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Israel Defense Forces checkpoint

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Jericho checkpoint 2005

An Israel Border Police checkpoint at Jericho's southern entrance, 2005

RamallahCheckpoint

Israeli checkpoint outside the Palestinian city of Ramallah

A Israel Defense Forces checkpoint, usually called an Israeli checkpoint (Hebrew: מחסום‎, machsom, Arabic: حاجز‎, hajez), is a barrier erected by the Israel Defense Forces with the stated aim of enhancing the security of Israel and Israeli settlements and preventing those who wish to do harm from crossing. Most of the checkpoints in the West Bank are not located on the boundary between Israel and the occupied Palestinian territory, but rather throughout the West Bank.[1]

IDF checkpoints may be manned by the Israeli Military Police, who perform security checks on Palestinians, the Israel Border Police, and / or other soldiers.

IDF viewpointEdit

West Bank checkpoint by David Shankbone

West Bank checkpoint tower

According to program director Col. Triber Bezalel, the IDF employs humanitarian officers at various checkpoints:

"[to] provide an understanding, helping hand to the Palestinians. Their job is to make life easier for those who cross the borders. To assist women who are holding babies and children, aid the elderly and sick and provide an open ear to Palestinian professionals who have special problems. These are Israel's ambassadors to our Palestinian neighbors and they perform brilliantly".[2]

The IDF has stated that during 2008, it has removed the crossing joins, 140 roadblocks and eight central checkpoints "in an effort to improve freedom of movement for the civilian Palestinian population in Judea, Samaria and the Jordan Valley". [3]

CriticismEdit

Unmanned Israeli checkpoint

Unmanned roadblock between Palestinian towns

Many Palestinians, especially residents of the West Bank, claim that despite the checkpoints' intended use, in practice they violate Palestinians' rights to transportation and other human rights. Palestinian complaints of abuse and humiliation are common: Israel Defense Forces' Judge Advocate General, Maj. Gen. Dr. Menachem Finkelstein, states that "there were many - too many - complaints that soldiers manning checkpoints abuse and humiliate Palestinians and that the large number of complaints 'lit a red light' for him".[4]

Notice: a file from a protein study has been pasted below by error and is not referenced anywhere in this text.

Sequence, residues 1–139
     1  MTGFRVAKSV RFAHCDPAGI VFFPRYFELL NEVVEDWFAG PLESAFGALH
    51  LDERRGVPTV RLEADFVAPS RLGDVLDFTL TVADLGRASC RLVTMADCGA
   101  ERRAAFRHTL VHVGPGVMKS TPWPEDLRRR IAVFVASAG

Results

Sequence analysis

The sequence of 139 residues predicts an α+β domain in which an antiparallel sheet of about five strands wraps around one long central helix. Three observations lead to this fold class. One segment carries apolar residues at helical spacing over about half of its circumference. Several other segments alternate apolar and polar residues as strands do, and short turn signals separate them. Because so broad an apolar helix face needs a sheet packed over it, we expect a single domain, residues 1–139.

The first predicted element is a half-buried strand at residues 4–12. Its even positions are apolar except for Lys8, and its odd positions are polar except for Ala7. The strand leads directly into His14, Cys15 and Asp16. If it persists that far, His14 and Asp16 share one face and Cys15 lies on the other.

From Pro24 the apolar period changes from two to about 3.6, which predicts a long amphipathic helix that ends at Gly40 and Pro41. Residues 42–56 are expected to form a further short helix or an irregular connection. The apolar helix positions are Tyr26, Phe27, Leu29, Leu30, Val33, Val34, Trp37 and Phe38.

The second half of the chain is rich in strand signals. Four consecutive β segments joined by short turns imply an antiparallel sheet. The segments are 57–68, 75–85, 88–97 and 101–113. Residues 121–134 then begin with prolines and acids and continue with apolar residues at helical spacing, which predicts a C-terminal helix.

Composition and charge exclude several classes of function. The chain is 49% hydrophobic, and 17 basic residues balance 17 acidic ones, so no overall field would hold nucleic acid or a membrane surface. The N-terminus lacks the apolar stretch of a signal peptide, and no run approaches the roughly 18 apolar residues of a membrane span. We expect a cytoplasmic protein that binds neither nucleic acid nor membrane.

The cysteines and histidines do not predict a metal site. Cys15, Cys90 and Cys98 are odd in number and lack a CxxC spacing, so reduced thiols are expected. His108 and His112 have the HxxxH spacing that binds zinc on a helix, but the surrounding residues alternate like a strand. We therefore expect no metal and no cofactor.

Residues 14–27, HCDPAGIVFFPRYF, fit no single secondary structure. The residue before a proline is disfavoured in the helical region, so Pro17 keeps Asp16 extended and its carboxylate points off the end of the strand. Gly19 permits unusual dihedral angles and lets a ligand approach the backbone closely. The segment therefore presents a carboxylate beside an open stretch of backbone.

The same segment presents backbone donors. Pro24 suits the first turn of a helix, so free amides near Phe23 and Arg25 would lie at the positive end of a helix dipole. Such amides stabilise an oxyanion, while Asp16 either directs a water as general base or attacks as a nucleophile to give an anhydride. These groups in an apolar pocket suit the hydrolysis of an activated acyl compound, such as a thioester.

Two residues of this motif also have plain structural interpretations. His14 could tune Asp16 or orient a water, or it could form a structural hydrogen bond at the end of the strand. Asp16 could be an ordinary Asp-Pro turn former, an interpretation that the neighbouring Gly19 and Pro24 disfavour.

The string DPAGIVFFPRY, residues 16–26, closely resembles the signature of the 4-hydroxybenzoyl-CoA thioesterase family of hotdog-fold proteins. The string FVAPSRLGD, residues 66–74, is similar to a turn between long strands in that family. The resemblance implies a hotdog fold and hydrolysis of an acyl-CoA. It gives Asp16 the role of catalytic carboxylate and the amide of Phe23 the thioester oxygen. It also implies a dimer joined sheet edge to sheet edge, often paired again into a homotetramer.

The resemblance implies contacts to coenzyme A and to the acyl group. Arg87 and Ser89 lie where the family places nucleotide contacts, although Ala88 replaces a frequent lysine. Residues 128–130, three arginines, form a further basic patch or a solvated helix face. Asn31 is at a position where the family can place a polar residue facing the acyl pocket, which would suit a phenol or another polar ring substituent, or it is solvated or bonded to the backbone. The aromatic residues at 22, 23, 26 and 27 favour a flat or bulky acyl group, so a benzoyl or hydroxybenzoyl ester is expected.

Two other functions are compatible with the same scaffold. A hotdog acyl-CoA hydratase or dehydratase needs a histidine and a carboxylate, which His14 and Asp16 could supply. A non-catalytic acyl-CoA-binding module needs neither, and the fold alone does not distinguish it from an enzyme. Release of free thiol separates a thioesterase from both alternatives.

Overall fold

The United Nations, in its February 2009 Humanitarian Monitor report, has stated that it is becoming "apparent" that the checkpoint and obstacles, which Israeli authorities justified from the beginning of the second Intifada (September 2000) as a temporary military response to violent confrontations and attacks on Israeli civilians, is evolving into "a more permanent system of control" that is steadily reducing the space available for Palestinian growth and movement for the benefit of the increasing Israeli settler population.[5]

Ambulance controversyEdit

Roadblock in Palestine

Unmanned roadblock in the West Bank

Since a 2002 incident when explosives were found in a Palestinian Red Crescent ambulance,[6] medical vehicles have not been immune to searches. Some checkpoints between Palestinian towns in the West Bank require permits for Palestinians to cross them and exceptions are not always made for medical emergencies. Between 2000 and 2006, 68 Palestinian women gave birth at Israeli checkpoints, five of whom died and 35 miscarried.[7] In contrast, a small number of Palestinian diplomats and other individuals are given VIP cards by the Israeli army that effectively allow the carriers free passage through checkpoints.

Flying checkpointsEdit

Selling drinks near checkpoint

An Israeli soldier buys from Palestinian children selling drinks near a checkpoint

According to the Palestinian Environmental NGOs Network member Applied Research Institute - Jerusalem (ARIJ)[8], the Israeli military established 121 flying checkpoints in the West Bank and East Jerusalem between October 2006 until April 2007.[9] Their study claimed that most of the flying checkpoints were located in the northern part of the West Bank; in particular, the Nablus Governorate, Tubas Governorate and Jenin Governorate and that Palestinians attempting to cross flying checkpoints could wait anywhere between 20 and 90 minutes, and in some cases, longer.[9]

Ambulance controversyEdit

Medical vehicles might be stopped and are not immune to searches by Israeli soldiers at flying checkpoints. For example, in March 2002, an explosive device was found in a Palestinian Red Crescent Society (PRCS) ambulance. The Red Crescent expressed shock at the incident, and began an internal investigation.[6] On January 11, 2004, a PRCS ambulance not carrying patients was stopped and searched at a flying checkpoint near the village of Jit. The ambulance was escorted by military jeep to the Qadomin bus station where after 10 minutes the ambulance crew got their IDs back and were allowed to continue working. In another case, on the same day, an ambulance transporting a diabetic patient to the hospital in Tulkarm was stopped, searched, and allowed to proceed after the companion of the patient was arrested.[10]

List of checkpointsEdit

See alsoEdit

ReferencesEdit

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